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  • Writer's pictureArne Scott

Blog 02 - Rosa’s journey from the lab-bench to commercialisation

The core idea for the science that underpins Rosa Biotech dates back to a meeting in Dek Woolfson’s office at the University of Bristol in spring 2017. Dek’s enthusiastic at the best of times, but he was particularly animated as he and a small group of post-docs and PhD students laid out a plan to develop a new type of biosensor – one that would be based on designed proteins.

Fundamental science with real-world applications

Dek’s academic group specialise in designing brand new protein structures and, over the years, they’ve been pretty successful in finding uses for the proteins they’ve designed. For instance, during my PhD I was developing some of these proteins to form a gel that could be used to culture neuronal cells – the idea being that this would be a better mimic of the human brain than a petri dish. During his time with the group, Jordan – our principal scientist at Rosa – designed self-assembling protein cages as potential platforms for vaccine development and drug delivery.

One of the alpha-helical barrels designed by the Woolfson group that forms part of Rosa's sensing platform.

In 2011, Dek's group designed the first ever example of a new protein structure, known as an alpha-helical barrel. Aside from representing the culmination of decades of ground-breaking protein design work, this barrel was particularly interesting, as it could bind certain molecules within its central channel. Since then, the group has designed many different alpha-helical barrels with subtly different channel properties, meaning that each one binds to analytes in solution to different extents. The group's proposed biosensor would exploit this by using a selection of these barrels (or an array) that would produce an analyte-specific fingerprint in response to different single analytes and complex mixtures. Hence, we dubbed the project Barrel Array Diagnostics and SenSing, from which you can decipher Dek’s pet name for the project.

After two years of research by members of Dek's group (Will Dawson, Guto Rhys, Chris Wood, Kathryn Shelley, Lucia Lombardi, Jordan and I) we found that our array of alpha-helical barrels was able to differentiate between a variety of single biomarkers and complex mixtures. Our combined efforts developed the technology from proof-of-concept to a commercially tractable biosensor in the space of two years.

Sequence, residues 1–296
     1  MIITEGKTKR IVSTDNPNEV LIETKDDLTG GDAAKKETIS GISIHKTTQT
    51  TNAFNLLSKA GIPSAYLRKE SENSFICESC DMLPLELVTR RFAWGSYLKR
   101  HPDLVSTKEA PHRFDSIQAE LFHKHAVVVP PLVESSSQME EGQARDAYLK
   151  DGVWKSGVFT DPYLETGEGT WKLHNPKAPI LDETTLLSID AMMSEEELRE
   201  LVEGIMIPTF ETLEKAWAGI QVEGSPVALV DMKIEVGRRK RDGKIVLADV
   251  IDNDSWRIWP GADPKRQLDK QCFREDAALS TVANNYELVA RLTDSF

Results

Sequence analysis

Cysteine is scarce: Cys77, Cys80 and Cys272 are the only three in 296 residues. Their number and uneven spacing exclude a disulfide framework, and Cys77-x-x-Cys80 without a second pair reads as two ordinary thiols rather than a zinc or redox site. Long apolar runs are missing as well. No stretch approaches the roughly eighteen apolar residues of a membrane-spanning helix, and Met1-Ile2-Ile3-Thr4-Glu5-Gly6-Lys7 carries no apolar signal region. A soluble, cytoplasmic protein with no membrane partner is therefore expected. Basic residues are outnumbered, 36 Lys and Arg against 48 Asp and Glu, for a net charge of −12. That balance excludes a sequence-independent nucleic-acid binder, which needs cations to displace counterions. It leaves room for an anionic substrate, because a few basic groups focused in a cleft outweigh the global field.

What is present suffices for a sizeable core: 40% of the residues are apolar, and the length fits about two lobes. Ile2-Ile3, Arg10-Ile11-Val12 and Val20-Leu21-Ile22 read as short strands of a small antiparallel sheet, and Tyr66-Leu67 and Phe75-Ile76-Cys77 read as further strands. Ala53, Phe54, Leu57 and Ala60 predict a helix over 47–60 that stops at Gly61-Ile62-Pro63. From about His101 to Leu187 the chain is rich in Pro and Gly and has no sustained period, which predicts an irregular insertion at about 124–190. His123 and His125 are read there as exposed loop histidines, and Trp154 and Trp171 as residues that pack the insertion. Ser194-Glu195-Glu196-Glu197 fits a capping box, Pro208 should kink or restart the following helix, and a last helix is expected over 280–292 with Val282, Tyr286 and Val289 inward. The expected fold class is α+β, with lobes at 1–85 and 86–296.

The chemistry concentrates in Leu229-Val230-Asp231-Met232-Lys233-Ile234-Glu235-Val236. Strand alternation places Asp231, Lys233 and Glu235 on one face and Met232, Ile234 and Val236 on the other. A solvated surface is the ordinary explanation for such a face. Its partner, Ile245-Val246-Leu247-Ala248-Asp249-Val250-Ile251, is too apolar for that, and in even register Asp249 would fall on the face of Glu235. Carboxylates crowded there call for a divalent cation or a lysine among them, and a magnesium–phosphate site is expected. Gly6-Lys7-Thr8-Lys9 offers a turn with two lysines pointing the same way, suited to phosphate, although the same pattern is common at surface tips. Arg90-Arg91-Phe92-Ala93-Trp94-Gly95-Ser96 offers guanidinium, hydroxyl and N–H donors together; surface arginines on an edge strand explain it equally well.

The Woolfson research group, summer 2018. Jordan (third from right), Kathryn (fourth from right), Will (fifth from right), Arne (sixth from right), Chris (ninth from right), Guto (eleventh from right) and Dek (twelfth from right).

Like many other academic scientists though, we had little idea how to commercialise our research. Luckily for us, the excellent work of Harry Destecoix and Ziylo, as well as Andy Boyce in his role as innovations manager of BrisSynBio at The University of Bristol, had blazed a trail out of academia that we could follow. We teamed up with Andy, now our CEO, and he and Dek completed an initial raise of £760,000 from a stellar group of angel investors to commercialise our technology.

Two years after the original idea had been conceived, Dek and Andy formed Rosa Biotech and set up at Unit DX. Jordan and I soon joined them, and Tania LaGambina recently completed the team as our computational scientist.

Switching academia for an early-stage spinout

It was my opinion during much of my PhD - and I think one that a lot of academic scientists share - that there were few opportunities to do creative, self-driven research outside of academia. As part of the scientific team at Rosa, I not only get to continue to do this, but do so in a way that shapes the scientific strategy of the company and translates into tangible real-world impact away from the lab. As a PhD student, I was generally responsible for my own research project, perhaps also that of an undergraduate student. At Rosa, my contribution has a big impact upon the team, and so I have a responsibility to the whole company to do a good job. Being part of a team with a common goal isn't always a characteristic of academic research, but it’s essential to a good biotech company. That is one aspect that I'm really enjoying.

My involvement in both the science and business development behind Rosa was one of my biggest achievements during my PhD. It’s great to be able to continue the journey as an employee at the company.

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